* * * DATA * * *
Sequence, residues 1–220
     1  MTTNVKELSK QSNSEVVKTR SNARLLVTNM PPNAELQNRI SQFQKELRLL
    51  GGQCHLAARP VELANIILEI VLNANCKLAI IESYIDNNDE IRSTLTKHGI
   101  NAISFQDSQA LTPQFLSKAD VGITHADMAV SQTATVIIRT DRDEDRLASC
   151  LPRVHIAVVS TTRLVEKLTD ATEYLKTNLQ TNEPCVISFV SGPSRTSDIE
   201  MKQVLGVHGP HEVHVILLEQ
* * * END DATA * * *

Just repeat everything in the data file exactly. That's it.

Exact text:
Sequence, residues 1–220
     1  MTTNVKELSK QSNSEVVKTR SNARLLVTNM PPNAELQNRI SQFQKELRLL
    51  GGQCHLAARP VELANIILEI VLNANCKLAI IESYIDNNDE IRSTLTKHGI
   101  NAISFQDSQA LTPQFLSKAD VGITHADMAV SQTATVIIRT DRDEDRLASC
   151  LPRVHIAVVS TTRLVEKLTD ATEYLKTNLQ TNEPCVISFV SGPSRTSDIE
   201  MKQVLGVHGP HEVHVILLEQ